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The Life and Correspondence of Robert Southey
Robert Southey to Grosvenor C. Bedford, 5 December 1807

Vol. I Contents
Early Life: I
Early Life: II
Early Life: III
Early Life: IV
Early Life: V
Early Life: VI
Early Life: VII
Early Life: VIII
Early Life: IX
Early Life: X
Early Life: XI
Early Life: XII
Early Life: XIII
Early Life: XIV
Early Life: XV
Early Life: XVI
Early Life: XVII
Ch. I. 1791-93
Ch. II. 1794
Ch. III. 1794-95
Ch. IV. 1796
Ch. V. 1797
Vol. II Contents
Ch. VI. 1799-1800
Ch. VII. 1800-1801
Ch. VIII. 1801
Ch. IX. 1802-03
Ch. X. 1804
Ch. XI. 1804-1805
Vol. III Contents
Ch. XII. 1806
Ch. XIII. 1807
Ch. XIV. 1808
Ch. XV. 1809
Ch. XVI. 1810-1811
Ch. XVII. 1812
Vol. IV Contents
Ch. XVIII. 1813
Ch. XIX. 1814-1815
Ch. XX. 1815-1816
Ch. XXI. 1816
Ch. XXII. 1817
Ch. XXIII. 1818
Ch. XXIV. 1818-1819
Vol. IV Appendix
Vol. V Contents
Ch. XXV. 1820-1821
Ch. XXVI. 1821
Ch. XXVII. 1822-1823
Ch. XXVIII. 1824-1825
Ch. XXIX. 1825-1826
Ch. XXX. 1826-1827
Ch. XXXI. 1827-1828
Vol. V Appendix
Vol. VI Contents
Ch. XXXII. 1829
Ch. XXXIII. 1830
Ch. XXXIV. 1830-1831
Ch. XXXV. 1832-1834
Ch. XXXVI. 1834-1836
Ch. XXXVII. 1836-1837
Ch. XXXVIII. 1837-1843
Vol. VI Appendix
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“Dec. 5. 1807.
“My dear Grosvenor,

“. . . . . Our Fathers inform me that about 300 copies of Espriella remain unsold, and that probably it would be expedient to begin reprinting it in about a month.

* A species of ophthalmia, from which he formerly suffered.

Ætat. 33. OF ROBERT SOUTHEY. 121
You may have heard or seen that D. Manuel has a friend in the
Courier and in the Morning Post. This is Stuart’s doing, who will befriend him still more by giving me some facts for what farther is to be added to complete the object of the book. As for the Specimens, I am perfectly satisfied that it will be very easy to metamorphose them into a good book, if ever there should be a second edition.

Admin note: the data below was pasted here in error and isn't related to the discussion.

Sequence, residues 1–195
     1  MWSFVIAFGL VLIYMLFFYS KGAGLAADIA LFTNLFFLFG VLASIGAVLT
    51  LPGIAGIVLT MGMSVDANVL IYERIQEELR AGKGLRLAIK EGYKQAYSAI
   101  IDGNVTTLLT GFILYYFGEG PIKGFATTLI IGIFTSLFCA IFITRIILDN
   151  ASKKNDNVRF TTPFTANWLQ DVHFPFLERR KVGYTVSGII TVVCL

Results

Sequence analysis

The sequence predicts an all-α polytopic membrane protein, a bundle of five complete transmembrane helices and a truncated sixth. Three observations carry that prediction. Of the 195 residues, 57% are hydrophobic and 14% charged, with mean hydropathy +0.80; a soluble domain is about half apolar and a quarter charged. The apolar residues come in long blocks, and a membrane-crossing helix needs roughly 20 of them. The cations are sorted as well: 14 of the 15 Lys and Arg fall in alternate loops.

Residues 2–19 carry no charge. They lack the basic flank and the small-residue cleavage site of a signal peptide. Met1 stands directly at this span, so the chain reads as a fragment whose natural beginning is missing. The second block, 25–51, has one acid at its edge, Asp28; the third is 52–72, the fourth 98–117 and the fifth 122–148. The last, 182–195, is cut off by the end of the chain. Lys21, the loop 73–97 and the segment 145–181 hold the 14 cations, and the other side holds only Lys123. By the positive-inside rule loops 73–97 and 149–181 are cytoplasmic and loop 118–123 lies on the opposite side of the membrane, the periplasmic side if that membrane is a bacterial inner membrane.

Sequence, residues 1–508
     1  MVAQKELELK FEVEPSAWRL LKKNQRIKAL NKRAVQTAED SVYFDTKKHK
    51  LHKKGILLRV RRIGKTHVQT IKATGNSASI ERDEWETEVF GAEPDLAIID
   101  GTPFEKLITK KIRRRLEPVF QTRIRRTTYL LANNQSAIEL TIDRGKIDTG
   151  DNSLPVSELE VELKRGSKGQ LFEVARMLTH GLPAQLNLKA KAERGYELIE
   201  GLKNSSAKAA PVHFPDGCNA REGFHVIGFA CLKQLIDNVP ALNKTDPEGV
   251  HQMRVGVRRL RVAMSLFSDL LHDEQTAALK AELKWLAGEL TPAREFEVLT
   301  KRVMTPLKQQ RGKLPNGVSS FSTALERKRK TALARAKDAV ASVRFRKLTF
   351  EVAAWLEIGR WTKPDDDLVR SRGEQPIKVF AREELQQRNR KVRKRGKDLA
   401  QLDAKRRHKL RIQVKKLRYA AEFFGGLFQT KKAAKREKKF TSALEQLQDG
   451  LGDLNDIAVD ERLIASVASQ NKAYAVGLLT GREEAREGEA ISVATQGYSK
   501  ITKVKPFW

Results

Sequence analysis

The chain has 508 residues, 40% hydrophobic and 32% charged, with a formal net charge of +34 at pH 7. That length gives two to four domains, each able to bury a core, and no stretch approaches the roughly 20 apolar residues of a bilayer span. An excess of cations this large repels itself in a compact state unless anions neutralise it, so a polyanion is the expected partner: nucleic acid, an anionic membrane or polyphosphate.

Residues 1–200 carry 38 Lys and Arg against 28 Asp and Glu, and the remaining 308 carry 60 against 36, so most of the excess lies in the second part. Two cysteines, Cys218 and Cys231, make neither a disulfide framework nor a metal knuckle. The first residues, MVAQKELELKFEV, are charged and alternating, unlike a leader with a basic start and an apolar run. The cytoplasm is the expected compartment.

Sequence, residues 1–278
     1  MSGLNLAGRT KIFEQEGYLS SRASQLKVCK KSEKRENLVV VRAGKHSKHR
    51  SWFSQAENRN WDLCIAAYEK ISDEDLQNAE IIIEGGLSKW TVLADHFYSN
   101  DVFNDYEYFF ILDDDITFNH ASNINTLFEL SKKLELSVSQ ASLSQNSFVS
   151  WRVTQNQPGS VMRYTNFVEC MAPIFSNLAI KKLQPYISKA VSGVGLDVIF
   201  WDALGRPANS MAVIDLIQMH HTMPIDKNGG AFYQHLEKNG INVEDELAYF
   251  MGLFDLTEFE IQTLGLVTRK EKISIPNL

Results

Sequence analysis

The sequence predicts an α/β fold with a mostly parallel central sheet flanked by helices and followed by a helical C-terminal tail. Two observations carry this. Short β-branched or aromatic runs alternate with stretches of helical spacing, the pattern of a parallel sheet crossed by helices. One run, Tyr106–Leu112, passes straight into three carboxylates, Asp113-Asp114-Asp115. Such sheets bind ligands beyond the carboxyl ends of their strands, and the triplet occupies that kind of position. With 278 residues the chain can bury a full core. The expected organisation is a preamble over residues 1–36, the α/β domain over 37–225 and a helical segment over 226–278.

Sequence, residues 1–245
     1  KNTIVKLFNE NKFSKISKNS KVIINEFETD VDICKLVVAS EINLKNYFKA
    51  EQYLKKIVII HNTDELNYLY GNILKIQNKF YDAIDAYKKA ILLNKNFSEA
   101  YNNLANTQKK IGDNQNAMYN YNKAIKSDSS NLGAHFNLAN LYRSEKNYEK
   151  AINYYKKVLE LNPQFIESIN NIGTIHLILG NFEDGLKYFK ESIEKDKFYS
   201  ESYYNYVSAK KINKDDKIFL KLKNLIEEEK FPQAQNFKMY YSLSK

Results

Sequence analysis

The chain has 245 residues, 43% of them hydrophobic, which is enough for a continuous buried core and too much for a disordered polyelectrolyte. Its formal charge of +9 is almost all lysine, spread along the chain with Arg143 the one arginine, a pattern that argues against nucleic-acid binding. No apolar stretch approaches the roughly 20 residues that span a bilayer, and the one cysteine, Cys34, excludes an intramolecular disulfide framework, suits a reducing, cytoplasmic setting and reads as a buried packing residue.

“I have seen only one reviewal of it, which was in the Monthly Magazine some months ago, and then the author contrived to invalidate all the censure which he had cast upon it, by abusing me in toto as a blockhead, coxcomb, &c. &c.

“I am a good deal surprised at your saying that the dunces of 1700 were like the dunces of 1800: surely you have said this without thinking what you were saying; they are as different as the fops of the two periods. You are wrong also in your praise of Ellis’s book: his is a very praiseworthy book, as far as—matter of fact, history, and arrangement go; but the moment that ends, and the series of specimens begins, all views of manner, and all light of history, disappear, and you have little else than a collection of amatory pieces selected with little knowledge and less taste. . . . .

Captain Guillem is at home in the Isle of Man, having realised from ten to fifteen thousand pounds. He has no chance of being employed, having no interest to get a ship, and, what is better, no wish to have one. Yet he is precisely such a man as ought to be employed,—a true-bred English sailor. Let him be at sea forty years, and there would be no mutiny
on board his ship; boy-captains are the persons who make mutinies. Oh,
Grosvenor Bedford, what a pamphlet would I write about the navy if my brother were not in it!

“I do not send you Henry White’s Remains, because, though as many copies were offered me as I should choose to take, I declined taking any more than one for myself. I hope they will sell, and believe so; his piety will recommend the book to the Evangelicals, and his genius to men of letters.

“God bless you!

R. S.”